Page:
Astrology and Medicine

When the going gets tough, the well-being begins to decline. People begin searching for ways to preserve their mental health outside of traditional or professional counselling and that is when they fall into astrology. Based on the day, time, and location of their birth and some Google-search, they craft their astrological chart and from there begins the researching on how planetary patterns impact day-to-day life.

In such testing times, the young easily fall into New Age trends, including employing astrology as a substitute for traditional counselling. At a time when healthcare is very expensive and organized religion is in disarray, reading horoscopes, receiving tarot readings, and practicing witchcraft can provide a cushion of stability for many.

Astrologer Acharya Vinod Kumar in an Instagram post has predicted that coronavirus will end in India between September and November. He goes on, “There are several reasons for the outbreak but most important of all is the collective karmic cycle that has finally caught up with the humanity. A return to “Satvik” lifestyle is advised & over consumption to be avoided or else Mother Nature knows how to settle the scores. Not just him, multiple other astrologers have predicted that the effects of coronavirus will cease to exist soon. “But fortunately, on March 30, Guru is leaving Ketu’s alliance and entering Capricorn. That means after March 30, we will all be free from the effects of the coronavirus. This will start from 2.58 pm on March 24 itself,” said Ashish Mehta. Another UAE-based astrologer, Acharya Sandeep Bhargava, also predicted that the pandemic will end this year globally by May 11. Upendra Shastri, another Dubai-based astrologer also claimed that things will have a positive turn from May onwards. (see

When people are scared, confused, and want to feel safe, astrology is a great way to learn that the conflict will eventually pass. Outside of needing to have a smartphone and internet access, there are no real barriers to accessing astrology.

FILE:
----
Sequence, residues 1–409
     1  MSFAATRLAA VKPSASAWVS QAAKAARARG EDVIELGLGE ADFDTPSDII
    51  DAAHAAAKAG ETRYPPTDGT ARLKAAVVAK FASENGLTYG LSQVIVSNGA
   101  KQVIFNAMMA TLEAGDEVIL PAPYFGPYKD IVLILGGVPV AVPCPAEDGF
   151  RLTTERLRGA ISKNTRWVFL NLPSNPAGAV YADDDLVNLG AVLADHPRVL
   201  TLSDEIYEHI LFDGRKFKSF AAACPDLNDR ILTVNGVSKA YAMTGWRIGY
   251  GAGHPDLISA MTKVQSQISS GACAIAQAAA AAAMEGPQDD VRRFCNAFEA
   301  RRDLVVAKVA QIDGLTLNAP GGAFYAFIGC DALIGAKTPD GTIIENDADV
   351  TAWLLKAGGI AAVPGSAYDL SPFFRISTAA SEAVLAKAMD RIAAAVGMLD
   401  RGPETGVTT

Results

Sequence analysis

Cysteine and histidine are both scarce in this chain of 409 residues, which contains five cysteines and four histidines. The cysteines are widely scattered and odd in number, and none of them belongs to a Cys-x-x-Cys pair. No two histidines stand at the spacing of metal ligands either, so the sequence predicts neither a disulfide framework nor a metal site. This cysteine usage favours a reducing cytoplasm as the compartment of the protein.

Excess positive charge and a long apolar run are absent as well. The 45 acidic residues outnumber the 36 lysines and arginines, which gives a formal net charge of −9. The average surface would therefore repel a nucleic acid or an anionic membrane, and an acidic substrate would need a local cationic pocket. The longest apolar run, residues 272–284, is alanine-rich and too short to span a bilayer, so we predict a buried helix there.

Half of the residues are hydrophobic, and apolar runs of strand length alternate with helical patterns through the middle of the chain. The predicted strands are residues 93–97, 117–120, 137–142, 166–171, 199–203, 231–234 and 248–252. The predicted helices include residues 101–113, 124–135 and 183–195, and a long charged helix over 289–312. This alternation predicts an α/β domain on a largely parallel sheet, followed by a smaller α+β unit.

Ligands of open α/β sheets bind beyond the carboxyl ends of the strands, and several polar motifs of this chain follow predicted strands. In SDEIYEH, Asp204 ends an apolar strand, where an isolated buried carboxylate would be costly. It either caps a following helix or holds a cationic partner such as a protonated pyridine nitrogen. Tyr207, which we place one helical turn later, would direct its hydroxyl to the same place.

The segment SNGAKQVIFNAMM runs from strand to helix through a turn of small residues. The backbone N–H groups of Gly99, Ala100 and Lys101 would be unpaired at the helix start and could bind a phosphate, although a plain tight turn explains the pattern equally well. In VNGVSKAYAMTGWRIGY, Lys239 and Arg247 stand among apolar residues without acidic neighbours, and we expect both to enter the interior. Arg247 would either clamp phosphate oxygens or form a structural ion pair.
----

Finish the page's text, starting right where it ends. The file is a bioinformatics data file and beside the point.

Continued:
Astrology gives answers to people’s questions quickly, whereas mental healthcare is time-consuming and costly. So many people are obsessed with astrology because it is a cheap alternative to therapy that can, in some respects, guide their understanding of their health and their behaviour.

Astrology can, in some ways, explain what someone is feeling and why someone is feeling it. Being “diagnosed” as a Pisces with a Capricorn moon and Leo ascendant is more digestible for people sometimes than the deep unearthing of trauma that at times arises for them in traditional therapy.

Twitter, Facebook, and Instagram are overflowing with memes, posts and videos specifically about the planets. Many people describe themselves by way of their sun, moon, and rising signs, a language they have learned on the internet and are now bringing to bear in real-life interactions.

Astrology provides a great framework for exploring topics like love, familial roles, sex, friendships, grief, the positions we consistently put ourselves in, the ways we cope in times of stress, and so much more.

While many Indians have believed in Astrology for ages, a 2017 Pew Research Study found that nearly 30 percent of adults in the United States believe in astrology. Yet there is still plenty of criticism lobbed at this tool for self-understanding and reflection both in India and the US.

Many people at some point in their lives have relied heavily on astrology to assess and improve their mental and emotional functioning. Those who have not done it so far may do it sometime in future. Many lean into the soft form of relief astrology provides.

The most interesting thing about astrology is that it is related to Medicine in all the three kinds of associations – complementary, supplementary and substitute.

As the illness increases, people who use more of medical services may simultaneously use astrological services to complement the therapy or even supplement the therapy. Astrological services can serve as substitute to medical services when people begin to look for alternative choices.


(First published 06 April 2020)


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Published by

Mukul Gupta

*Educator, researcher, author and a friendly contrarian* Professor@MDIGurgaon

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